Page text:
The Standard-Examiner isn’t naming the responding officers as they aren’t accused by officials of wrongdoing.

Farmington police publicly provided footage from the body cameras worn by the responding officers a week after the incident. In it, Allan is defiant with officers.

“I don’t need registration and I don’t answer questions,” he says at one point.

Five officers in all converge on the scene and they ultimately order Allan out of the car, warning him that they’ll forcefully remove him if he doesn’t cooperate. An officer opens the driver’s side door of Allan’s car and on seeing he has a gun that he is apparently pulling out, retreats, shouting, “Gun, gun, gun, gun, gun, gun, gun!”

That’s when the officers fire on Allan, killing him. Allan was wearing a holster around his waist, it turns out, and in the aftermath of the gunfire, a gun is visible on the floor of the driver’s side of the car, according to the body camera video.

In his letter, Rawlings alluded to the “aggressive input” the incident prompted, an apparent reference to the sovereign citizen movement sympathizers critical of the Farmington officers’ response. He emphasized, though, that the use of force didn’t stem from Allan’s improper plate.

“They fired in self-defense because deadly force was in the process of being engaged against them while they were attempting to address the violations civilly,” Rawlings wrote.

He went on, saying police officers aren’t the proper conduit to challenge laws, referencing Allan’s apparent contention that he didn’t need to register his car. “The proper forum for that is the judiciary, not with a gun in a parking lot,” Rawlings wrote.

Allan is a Davis High School and Utah State University graduate, according to his obituary, which also referenced the young man’s personal beliefs.

“He had been studying constitutional law the last few years and was a patriot doing what he could to defend the people’s freedom and liberty in his community. He paid the ultimate price for his freedom with his devastating and tragic death,” reads the obituary.


Johnsen said the initial hostility some directed at Farmington police and other city workers after the March 1 incident — contrasted by support from many others — has waned. “There were a lot of extreme opinions early on and it continued for some time,” he said.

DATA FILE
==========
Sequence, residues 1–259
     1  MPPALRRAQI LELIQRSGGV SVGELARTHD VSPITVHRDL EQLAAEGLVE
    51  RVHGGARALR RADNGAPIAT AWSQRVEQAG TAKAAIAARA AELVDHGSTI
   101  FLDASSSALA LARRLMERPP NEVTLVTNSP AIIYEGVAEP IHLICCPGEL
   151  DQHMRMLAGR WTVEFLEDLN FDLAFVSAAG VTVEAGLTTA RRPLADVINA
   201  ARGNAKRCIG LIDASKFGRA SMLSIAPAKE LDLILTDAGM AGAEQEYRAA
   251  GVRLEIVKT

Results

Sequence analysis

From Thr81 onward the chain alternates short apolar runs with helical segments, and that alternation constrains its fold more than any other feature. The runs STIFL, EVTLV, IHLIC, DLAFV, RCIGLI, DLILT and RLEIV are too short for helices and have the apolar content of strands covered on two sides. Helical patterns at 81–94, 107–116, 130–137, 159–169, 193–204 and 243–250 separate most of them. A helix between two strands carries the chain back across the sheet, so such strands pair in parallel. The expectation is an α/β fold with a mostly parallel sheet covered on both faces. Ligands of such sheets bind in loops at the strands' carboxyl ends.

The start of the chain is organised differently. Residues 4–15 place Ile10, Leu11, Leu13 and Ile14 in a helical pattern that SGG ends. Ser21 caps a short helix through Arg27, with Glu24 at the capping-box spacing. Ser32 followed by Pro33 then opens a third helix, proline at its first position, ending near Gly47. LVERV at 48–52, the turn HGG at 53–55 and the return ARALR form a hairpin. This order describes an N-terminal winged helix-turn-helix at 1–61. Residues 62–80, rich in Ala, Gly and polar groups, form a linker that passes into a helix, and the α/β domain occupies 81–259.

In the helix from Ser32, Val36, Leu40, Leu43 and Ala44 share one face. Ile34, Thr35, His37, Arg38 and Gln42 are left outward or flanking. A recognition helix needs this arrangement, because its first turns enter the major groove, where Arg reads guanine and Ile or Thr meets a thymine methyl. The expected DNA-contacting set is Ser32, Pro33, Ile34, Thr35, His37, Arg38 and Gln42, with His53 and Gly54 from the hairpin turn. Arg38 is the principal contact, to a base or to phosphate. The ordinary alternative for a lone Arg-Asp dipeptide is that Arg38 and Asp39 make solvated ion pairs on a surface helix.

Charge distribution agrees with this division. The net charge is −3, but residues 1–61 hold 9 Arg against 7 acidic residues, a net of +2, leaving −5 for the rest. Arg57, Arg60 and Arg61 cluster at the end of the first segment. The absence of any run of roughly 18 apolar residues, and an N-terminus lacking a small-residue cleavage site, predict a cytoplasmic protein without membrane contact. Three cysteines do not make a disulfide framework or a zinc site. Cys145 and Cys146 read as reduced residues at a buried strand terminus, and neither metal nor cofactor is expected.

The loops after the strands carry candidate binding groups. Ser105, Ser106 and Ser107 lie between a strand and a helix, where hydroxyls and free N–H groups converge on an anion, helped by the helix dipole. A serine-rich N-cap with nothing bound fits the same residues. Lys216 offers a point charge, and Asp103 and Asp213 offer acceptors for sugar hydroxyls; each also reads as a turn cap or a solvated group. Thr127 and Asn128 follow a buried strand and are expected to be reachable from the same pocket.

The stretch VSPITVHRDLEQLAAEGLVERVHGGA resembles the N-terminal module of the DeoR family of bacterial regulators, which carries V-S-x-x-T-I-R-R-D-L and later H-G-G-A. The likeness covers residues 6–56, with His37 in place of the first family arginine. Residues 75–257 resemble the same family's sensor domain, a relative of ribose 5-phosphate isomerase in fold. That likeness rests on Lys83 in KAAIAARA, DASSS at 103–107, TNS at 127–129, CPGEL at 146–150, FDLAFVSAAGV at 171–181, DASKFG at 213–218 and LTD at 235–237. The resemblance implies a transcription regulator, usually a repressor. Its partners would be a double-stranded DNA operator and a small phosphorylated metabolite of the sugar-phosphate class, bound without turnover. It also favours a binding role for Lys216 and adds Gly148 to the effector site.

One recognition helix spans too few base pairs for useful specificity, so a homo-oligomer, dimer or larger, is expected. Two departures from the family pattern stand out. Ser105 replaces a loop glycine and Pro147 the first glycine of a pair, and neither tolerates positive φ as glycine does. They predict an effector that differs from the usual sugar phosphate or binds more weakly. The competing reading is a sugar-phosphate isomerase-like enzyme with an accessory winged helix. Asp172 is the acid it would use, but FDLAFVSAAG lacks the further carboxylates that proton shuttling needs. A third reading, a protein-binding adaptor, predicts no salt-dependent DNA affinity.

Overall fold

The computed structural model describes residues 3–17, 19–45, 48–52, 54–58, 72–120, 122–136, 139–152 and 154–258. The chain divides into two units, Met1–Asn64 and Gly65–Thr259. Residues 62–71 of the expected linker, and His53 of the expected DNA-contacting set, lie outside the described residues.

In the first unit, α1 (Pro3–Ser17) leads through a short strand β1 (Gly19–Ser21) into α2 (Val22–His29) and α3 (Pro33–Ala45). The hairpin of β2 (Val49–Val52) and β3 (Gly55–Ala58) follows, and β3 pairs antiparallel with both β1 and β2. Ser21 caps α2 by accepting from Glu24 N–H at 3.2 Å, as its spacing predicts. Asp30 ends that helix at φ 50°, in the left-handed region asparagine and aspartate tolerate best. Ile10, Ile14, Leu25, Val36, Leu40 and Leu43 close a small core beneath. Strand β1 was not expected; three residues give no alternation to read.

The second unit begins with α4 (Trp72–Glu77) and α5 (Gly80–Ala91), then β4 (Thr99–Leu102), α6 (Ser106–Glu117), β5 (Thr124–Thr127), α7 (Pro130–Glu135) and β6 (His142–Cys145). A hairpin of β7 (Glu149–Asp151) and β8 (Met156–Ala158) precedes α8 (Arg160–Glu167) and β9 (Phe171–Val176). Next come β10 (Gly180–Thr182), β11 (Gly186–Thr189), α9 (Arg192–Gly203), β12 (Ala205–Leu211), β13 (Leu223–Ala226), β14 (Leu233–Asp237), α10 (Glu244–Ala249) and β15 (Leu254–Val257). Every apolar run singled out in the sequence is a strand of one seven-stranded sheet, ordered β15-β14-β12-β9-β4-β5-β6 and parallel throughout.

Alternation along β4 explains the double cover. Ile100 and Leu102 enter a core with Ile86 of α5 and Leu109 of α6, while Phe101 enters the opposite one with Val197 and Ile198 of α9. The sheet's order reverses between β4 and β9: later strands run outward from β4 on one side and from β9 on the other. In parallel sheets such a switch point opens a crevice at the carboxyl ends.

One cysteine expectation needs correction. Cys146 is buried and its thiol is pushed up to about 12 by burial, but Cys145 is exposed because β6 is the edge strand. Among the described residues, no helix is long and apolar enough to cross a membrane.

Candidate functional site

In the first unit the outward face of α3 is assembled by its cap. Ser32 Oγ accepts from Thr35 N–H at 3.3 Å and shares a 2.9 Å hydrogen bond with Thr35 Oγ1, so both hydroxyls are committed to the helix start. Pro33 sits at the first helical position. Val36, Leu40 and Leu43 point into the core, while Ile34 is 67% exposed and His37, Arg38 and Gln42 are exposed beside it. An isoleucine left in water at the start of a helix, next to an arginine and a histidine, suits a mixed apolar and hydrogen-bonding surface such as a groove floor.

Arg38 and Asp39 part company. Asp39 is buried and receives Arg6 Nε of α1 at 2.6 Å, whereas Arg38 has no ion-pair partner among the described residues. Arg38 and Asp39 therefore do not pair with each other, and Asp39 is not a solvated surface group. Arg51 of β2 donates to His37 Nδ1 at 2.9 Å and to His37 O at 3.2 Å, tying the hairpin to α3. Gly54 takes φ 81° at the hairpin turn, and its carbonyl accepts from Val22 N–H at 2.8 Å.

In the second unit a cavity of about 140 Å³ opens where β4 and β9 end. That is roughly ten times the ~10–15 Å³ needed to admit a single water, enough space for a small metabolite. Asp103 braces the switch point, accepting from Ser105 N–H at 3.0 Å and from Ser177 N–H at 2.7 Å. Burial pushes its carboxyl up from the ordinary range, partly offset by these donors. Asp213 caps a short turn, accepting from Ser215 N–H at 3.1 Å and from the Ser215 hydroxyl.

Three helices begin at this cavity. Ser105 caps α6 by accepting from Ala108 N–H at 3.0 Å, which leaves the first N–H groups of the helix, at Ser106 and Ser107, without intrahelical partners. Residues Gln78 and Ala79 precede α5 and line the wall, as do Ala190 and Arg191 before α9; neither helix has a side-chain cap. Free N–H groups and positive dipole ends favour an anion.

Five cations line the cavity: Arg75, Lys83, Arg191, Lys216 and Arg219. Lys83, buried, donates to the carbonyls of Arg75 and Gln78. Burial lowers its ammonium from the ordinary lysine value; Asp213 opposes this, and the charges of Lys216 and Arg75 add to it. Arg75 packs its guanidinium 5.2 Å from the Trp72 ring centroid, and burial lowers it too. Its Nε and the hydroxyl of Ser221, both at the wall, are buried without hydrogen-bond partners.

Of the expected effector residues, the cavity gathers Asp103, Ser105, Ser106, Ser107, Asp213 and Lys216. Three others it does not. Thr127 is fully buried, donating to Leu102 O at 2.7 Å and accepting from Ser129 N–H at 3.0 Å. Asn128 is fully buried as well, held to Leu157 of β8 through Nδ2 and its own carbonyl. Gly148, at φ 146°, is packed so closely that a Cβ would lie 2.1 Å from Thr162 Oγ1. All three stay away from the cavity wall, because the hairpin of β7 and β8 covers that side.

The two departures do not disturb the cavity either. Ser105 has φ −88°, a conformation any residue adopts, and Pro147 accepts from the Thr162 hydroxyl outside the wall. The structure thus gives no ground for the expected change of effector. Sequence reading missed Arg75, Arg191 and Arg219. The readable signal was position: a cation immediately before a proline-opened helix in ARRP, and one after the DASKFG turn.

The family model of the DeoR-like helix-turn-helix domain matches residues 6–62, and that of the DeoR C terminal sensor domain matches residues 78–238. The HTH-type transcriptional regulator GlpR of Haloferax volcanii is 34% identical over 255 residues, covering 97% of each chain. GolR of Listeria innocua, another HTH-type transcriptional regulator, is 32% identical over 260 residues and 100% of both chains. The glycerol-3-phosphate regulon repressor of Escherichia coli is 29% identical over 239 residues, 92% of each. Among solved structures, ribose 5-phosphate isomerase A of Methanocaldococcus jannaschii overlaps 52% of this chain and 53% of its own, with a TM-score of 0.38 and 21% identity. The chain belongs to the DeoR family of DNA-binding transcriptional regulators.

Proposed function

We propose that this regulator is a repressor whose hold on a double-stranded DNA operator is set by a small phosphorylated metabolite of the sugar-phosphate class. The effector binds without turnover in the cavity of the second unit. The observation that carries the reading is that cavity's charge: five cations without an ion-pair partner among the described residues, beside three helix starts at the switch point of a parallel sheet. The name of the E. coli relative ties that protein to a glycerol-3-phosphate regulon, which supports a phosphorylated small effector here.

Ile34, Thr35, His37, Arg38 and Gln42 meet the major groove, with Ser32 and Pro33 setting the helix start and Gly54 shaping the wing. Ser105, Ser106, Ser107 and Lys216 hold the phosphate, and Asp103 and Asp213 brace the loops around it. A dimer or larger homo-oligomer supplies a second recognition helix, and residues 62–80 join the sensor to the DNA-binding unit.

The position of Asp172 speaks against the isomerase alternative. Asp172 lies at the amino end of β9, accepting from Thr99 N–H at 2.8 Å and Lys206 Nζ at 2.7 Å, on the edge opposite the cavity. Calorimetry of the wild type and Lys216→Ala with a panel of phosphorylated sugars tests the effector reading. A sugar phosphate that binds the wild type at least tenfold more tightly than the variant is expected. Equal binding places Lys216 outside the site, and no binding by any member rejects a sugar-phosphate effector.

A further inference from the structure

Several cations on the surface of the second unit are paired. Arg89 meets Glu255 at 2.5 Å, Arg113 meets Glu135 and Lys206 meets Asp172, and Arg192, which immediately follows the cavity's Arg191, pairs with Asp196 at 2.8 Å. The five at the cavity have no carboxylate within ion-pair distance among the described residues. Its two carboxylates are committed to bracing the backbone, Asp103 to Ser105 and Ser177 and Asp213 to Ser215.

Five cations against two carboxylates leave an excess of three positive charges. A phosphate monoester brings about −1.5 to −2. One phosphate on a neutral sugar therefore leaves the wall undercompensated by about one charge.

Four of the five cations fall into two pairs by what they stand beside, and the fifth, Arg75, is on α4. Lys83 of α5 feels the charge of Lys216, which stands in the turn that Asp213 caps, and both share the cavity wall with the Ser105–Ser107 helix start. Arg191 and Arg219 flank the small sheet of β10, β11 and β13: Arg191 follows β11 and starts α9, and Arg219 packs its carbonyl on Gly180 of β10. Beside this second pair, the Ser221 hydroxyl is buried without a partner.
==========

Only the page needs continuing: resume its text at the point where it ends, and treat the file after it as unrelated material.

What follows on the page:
However, four misdemeanor charges are still winding through 2nd District Court in Layton against Steven Baggs, 47, who allegedly phoned in threats to Johnsen and his family in response to the March 1 incident. Johnsen’s wife hung up on one call, but the man called back, leaving a message on voicemail.

“Yeah you might hang up on me and you might … tell me not to call, but guess what, I’m coming to get you. … Either way you’re f—— dead, you’re (sic) husband’s a fascist. You’re all fascists. You’re all gonna die,” Baggs allegedly said, according to an affidavit in the matter.

Baggs was scheduled to make his first appearance in court last month but was a no show, according to court papers, and a warrant was issued for his detention. Baggs, who used to teach art at Southern Utah University, also faces several charges in Iron County for allegedly making threats toward faculty at the university, according to the St. George News.

The incident involving Allan prompted debate in Utah about the sovereign citizen movement. The movement isn’t “prolific” in Davis County, Johnsen said, “but it’s an element that’s out there.”

He said Farmington police have encountered two others during traffic stops with suspected sovereign citizen sympathies in the wake of the Allan incident, though the incidents didn’t escalate. “I know there have been other incidents around the county,” Johnsen said.

Farmington City Manager Brigham Mellor said numerous Davis County law enforcement agencies took part in a training session after the March 1 incident related to dealing with those in the sovereign citizen movement. It was already planned, he said, though he thinks the Allan incident sparked some agencies to take part in the training.